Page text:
In rare cases, the frame of your roof will need repair. This may also be the case if you are switching to a heavier shingle. Slate or tile may require frame reinforcement. Costs for frame repair generally vary from $300 to $800.

Roof Inspection

When purchasing a home or if you are unsure of whether your roof needs replacing in the near future, opt for a roof inspection. During an inspection, a professional will look at all areas of the roof, including the underside, to determine its condition. Typical inspection costs are around $100 to $600.

Skylight Replacement

When working on your roof, it is also good to consider other projects in this area. This includes skylight replacement or installation. The average cost of skylight installation is around $1,500, while a replacement costs between $850 and $5,000 on average.

Cost to Redeck a Roof

The cost to replace the sheathing on a deck is between $70 and $100 per piece of plywood 7. In most cases, you do not need to replace all the sheathing at once unless there is serious damage. One sheet of plywood covers about 32 square feet. For a typical 2,000 sq.ft. roof, this costs $4,375 to $6,250. These costs do not include the cost of the shingles and their installation, which adds another $7,000 to $12,000 to the final costs.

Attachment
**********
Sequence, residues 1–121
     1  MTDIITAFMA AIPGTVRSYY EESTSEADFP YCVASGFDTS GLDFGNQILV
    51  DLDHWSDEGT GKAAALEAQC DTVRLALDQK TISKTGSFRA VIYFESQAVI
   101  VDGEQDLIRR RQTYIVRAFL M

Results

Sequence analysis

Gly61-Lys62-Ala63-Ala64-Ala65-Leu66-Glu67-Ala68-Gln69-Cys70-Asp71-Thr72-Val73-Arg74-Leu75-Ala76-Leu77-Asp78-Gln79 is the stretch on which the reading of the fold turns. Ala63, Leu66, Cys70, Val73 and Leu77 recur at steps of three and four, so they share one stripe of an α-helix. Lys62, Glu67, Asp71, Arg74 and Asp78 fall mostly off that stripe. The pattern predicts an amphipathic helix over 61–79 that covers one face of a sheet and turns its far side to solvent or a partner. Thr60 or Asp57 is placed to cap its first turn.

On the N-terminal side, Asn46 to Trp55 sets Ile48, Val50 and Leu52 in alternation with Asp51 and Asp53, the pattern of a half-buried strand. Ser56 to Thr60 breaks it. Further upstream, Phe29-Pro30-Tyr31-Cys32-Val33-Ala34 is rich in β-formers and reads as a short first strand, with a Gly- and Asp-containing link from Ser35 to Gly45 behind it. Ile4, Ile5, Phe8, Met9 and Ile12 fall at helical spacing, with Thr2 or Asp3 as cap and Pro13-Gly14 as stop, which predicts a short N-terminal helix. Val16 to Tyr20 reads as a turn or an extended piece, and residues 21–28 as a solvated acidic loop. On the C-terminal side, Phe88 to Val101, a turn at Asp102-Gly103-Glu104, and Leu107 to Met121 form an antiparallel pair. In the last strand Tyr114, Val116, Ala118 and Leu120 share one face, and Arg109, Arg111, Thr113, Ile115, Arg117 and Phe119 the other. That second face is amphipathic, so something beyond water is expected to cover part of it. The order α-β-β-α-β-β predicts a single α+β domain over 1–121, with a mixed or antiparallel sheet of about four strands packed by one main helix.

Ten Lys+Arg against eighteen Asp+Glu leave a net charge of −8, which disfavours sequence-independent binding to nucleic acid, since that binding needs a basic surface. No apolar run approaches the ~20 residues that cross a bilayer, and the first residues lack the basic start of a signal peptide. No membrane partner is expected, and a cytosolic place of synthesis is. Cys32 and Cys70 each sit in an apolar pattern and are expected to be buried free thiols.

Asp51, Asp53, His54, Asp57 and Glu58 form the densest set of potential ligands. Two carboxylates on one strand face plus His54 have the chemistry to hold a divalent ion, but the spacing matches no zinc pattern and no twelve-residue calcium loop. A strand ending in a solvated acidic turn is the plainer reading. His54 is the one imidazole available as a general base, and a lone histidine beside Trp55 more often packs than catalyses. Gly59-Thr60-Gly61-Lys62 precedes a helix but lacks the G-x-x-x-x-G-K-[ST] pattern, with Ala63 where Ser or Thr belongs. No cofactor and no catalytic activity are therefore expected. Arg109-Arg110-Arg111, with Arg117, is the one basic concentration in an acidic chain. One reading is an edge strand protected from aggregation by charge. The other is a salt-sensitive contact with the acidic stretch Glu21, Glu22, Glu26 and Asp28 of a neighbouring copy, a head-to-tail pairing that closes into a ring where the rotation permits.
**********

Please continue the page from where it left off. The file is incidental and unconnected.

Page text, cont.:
Asbestos Roof Removal Cost

Asbestos 8 fibers were added to many materials used in and around the home for many years. When undisturbed, these materials are perfectly safe, but they can be hazardous to your health when they begin to crack, crumble, or break down. If you suspect that you have asbestos material, you must call in a specialist to remove it before you can have new roofing installed. The average cost of asbestos roofing removal is between $50 and $120 per square foot.